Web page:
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Taliban losing influence in Pakistan

The destruction of the economy, bombing of schools depriving 100,000 girls of an education or other absurd actions in the name of Sharia have rendered Taliban extremely unpopular
Farooq Sulehria
Sunday 25 October 2009

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’Whither Pakistan?’ This is a question now a days repeatedly raised in media globally in the wake of high-profile suicidal attacks in last two weeks. It was not the deadly suicidal attacks in the Frontier province that triggered a global panic. Such attacks have become a business-as-usual headline. According to Pakistan’s leading daily Dawn, 280 Taliban attacks in last two years have claimed 2200 lives. It was rather less bloody but highly symbolic fidayee assault on jealously guarded army headquarters, GHQ, on October 10 that has traumatized all and sundry.

A coordinated attack on October 15 in Lahore, the country’s second largest town, on three police facilities only reinforced the sense of insecurity. The government decision on October 20, following a suicidal attack on International Islamic University in capital Islamabad, to close down schools and colleges across Pakistan have served to spread further panic. Scared citizens, particularly in big cities, are not daring to step out of their homes unless necessary. Traders are complaining of a sharp decline in the number of customers.

Commentators in Pakistan’s media have interpreted the recent spate of attacks as last-ditch, desperate attempts by the Taliban to forestall a military operation in South Waziristan, the Taliban’s last stronghold. If that indeed was the Taliban’s intention, these attacks have proved counter-productive.

On 17 October, the long-awaited military offensive in South Waziristan was launched. Aided by fighter jets and gunship helicopters, 30,000 Pakistani troops have been pitched against 10,000 Taliban. Military spokesperson, Major General Atthar Abbas says army will flush the Taliban out of South Waziristan in six to eight weeks.

Will the military succeed? Before answering this question, we first need to define success. If the aim is to secure South Waziristan, the army will succeed. If the purpose is to eliminate the Taliban, the answer is NO. While the army is busy bombing militants in South Waziristan, and earlier in Swat, it patronises them in Punjab and other parts of the country. The Waziristan offensive is a selective operation against Taliban who have gone out of army’s control. They are in the army’s view: ’’Bad Taliban’’.

Talibs fighting US forces in Afghanistan need not worry. They are ’’Good Taliban’’. Similarly, outfits like Jaish-e-Muhammad and Laskar-e-Tayyaba, built by Pakistan army to bleed India in Kashmir, keep enjoying impunity. The Jihadi infrastructure, comprised of Maskars (militants’ training camps) and Madrassas (Quran schools), is not being dismantled. A section of Pakistani press has repeatedly exposed a military-Taliban connection.

The Pakistani media dominated by religious right, however, have in general been sympathetic to the Taliban and until recently would glorify Taliban as a Pashtoon resistance force fighting US imperialism.

The Taliban are, on the contrary, seen by most of Pashtoons in Pakistan as a threat to Pashtoon culture, economy, progress and peace. Unlike some leftists and Islamists portraying Taliban as resistance force, Pashtoons in Pakistan ask why Taliban are slaughtering locals or bombing their schools if they want to liberate Afghanistan? The Pashtoons don’t want to grow beards, give up dance or music and stop sending their girls to schools for the ’’liberation of Afghanistan’’ that the Taliban want to bring. As a matter of fact, the destruction of the economy, bombing of schools depriving 100,000 girls of an education or other absurd actions in the name of Sharia have rendered Taliban extremely unpopular.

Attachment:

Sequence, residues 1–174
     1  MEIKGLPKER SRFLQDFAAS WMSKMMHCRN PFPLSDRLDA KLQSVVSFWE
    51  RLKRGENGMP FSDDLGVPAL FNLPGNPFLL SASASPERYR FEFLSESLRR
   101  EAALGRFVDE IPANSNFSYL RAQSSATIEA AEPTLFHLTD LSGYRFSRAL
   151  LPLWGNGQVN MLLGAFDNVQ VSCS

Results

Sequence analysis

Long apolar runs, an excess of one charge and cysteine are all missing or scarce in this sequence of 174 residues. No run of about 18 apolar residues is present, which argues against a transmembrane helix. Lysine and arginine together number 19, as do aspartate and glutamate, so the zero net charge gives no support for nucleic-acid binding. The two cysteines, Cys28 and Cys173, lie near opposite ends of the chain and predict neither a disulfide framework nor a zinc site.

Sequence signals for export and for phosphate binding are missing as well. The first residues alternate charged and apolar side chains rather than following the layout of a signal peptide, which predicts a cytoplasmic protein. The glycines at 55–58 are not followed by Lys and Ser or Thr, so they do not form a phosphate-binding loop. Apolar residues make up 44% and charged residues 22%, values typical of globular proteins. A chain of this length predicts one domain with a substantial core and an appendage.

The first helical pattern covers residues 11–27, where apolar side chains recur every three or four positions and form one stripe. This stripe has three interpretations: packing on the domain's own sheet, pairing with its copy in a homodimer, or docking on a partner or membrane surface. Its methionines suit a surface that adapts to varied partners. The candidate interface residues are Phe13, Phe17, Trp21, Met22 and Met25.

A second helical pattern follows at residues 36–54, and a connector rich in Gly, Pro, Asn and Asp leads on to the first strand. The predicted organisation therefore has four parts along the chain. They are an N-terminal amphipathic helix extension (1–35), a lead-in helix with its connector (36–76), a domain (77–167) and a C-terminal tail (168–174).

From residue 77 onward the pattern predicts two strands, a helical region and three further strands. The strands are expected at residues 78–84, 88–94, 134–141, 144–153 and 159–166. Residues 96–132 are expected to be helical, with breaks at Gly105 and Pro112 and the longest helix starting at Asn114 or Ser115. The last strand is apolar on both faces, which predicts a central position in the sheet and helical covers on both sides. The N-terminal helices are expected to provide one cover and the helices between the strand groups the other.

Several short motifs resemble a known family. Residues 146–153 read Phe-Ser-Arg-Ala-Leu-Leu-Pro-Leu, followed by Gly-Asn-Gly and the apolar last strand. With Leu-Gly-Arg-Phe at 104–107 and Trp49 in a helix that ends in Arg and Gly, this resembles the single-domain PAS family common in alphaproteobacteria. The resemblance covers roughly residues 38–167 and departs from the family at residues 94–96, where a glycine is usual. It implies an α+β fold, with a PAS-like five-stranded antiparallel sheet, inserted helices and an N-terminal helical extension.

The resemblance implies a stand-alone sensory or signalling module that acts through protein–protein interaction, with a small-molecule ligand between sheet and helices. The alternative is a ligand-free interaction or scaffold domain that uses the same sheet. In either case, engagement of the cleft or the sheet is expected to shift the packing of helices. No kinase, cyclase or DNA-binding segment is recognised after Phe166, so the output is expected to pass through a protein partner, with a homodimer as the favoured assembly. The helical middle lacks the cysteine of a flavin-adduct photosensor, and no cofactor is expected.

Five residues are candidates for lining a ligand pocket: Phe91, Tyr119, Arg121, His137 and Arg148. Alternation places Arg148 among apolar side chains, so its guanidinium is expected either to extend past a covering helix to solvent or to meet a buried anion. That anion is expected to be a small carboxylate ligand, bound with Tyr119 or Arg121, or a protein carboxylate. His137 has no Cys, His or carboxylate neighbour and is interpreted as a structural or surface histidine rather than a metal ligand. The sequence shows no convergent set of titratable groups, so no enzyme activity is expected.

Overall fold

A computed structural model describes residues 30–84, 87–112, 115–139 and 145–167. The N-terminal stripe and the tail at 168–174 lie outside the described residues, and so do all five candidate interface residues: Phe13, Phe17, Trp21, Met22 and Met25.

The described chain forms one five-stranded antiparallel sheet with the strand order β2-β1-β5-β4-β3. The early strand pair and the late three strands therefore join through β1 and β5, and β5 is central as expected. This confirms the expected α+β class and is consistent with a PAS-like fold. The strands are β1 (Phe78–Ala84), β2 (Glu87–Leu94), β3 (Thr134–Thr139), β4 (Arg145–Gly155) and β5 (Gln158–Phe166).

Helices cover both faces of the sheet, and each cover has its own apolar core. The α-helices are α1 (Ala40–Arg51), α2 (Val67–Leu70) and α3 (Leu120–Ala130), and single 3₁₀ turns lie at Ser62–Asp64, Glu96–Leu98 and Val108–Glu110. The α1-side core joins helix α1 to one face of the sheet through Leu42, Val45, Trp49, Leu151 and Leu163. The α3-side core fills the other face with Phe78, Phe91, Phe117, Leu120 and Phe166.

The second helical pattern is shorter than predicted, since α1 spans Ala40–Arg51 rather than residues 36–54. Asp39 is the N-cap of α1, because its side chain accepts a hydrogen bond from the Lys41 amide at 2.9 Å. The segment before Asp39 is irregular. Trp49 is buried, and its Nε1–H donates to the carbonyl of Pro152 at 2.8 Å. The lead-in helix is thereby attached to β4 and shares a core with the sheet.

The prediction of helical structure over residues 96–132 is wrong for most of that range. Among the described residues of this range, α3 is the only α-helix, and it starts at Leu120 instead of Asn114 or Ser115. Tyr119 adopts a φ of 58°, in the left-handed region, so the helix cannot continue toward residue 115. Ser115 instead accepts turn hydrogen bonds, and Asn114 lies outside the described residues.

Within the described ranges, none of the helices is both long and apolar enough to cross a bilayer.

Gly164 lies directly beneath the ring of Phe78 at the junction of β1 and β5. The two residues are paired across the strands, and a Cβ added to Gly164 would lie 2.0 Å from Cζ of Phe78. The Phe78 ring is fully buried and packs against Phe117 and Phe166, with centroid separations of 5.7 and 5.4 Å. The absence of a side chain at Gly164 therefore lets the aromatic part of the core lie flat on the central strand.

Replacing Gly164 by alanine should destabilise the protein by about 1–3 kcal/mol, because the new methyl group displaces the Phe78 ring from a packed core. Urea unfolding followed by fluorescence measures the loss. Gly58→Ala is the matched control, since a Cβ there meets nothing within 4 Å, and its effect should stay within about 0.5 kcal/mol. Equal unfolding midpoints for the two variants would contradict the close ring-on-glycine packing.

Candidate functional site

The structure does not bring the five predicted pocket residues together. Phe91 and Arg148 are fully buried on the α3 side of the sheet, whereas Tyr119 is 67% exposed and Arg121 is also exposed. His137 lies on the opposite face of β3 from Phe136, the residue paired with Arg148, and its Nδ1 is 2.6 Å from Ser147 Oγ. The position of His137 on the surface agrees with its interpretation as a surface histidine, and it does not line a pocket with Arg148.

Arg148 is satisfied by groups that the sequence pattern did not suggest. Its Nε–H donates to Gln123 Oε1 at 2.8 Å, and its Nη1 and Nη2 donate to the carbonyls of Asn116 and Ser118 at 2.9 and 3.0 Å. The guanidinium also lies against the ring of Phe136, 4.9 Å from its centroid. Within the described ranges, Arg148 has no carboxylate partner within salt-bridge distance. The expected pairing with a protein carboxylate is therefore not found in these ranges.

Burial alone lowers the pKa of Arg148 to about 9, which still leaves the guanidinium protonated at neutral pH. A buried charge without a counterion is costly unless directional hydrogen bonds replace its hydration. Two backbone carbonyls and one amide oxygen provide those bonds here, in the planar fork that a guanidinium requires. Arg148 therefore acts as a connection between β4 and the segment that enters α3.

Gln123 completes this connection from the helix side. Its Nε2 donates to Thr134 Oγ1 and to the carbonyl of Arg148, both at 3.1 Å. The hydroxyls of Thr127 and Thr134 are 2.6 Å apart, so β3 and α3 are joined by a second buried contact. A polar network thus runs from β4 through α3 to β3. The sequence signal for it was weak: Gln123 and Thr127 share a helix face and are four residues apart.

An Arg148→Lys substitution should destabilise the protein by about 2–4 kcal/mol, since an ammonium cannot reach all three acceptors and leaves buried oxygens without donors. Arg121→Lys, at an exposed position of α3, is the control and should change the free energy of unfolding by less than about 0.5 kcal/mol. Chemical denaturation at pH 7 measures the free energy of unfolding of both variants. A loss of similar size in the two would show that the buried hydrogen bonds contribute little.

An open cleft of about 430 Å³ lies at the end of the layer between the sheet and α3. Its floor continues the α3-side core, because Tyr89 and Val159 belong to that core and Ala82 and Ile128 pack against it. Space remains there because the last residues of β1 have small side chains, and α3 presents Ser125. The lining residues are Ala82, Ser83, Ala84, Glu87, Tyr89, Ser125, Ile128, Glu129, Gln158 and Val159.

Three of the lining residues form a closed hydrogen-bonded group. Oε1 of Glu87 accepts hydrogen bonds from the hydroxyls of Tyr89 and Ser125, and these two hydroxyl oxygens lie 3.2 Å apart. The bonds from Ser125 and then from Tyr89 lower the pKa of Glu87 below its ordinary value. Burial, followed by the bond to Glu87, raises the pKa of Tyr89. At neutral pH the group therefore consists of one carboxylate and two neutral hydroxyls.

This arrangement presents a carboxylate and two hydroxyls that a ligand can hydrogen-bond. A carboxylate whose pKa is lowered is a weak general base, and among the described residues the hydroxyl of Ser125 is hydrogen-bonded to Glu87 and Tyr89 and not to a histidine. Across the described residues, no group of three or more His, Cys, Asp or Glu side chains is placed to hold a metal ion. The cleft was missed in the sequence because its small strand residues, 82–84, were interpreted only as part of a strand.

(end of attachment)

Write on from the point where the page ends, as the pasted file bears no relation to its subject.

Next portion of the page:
That Taliban have lost sympathy is evident from the fact that country’s Islamist or right-wing parties as well as columnists and popular talk-show hosts, who once used to extol Taliban, now find it impossible to defend the Taliban’s mindless violence. A few have even have turned against them. Others hide behind conspiracy theories (blaming India and the USA, even Israel).

But mass support or a positive public image are not the Taliban’s problem. They are not running an election campaign. They are a band of charged up zealots engaged in what they believe is Jihad. Thus, rising or sinking Taliban popularity does not explain the strength of Taliban phenomenon.

It is poverty, state patronage, aggressive US intervention in the region and petro-dollars that stoke Taliban militancy. Every year tens of thousands graduate from Quran schools. A sizable number of these graduates-in-fanaticism are ready to blow themselves up for the cause. The Quran schools keep breeding Taliban (that literally means students of Quran schools). These schools constitute the real threat.

Are they a threat to Pakistan’s nuclear plants too? In the presence of a half-million-strong standing army, it seems highly unlikely. The only, and least likely, possibility is that General Kayani (military chief) is overthrown in a coup by radical Islamist officers who seize control of the country’s nuclear weapons. These Islamists within the military, however, stand hardly any chance owing to their growing isolation inside junior ranks. Also, the military leadership, busy mending its image badly tarnished under Musharraf dictatorship, will not go for a coup any time soon. The state will manage to stem present tide of suicidal attacks. The ruling class won’t hand the state over to a band of fanatics on a plate. But Pakistan will remain in a civil war-like situation.

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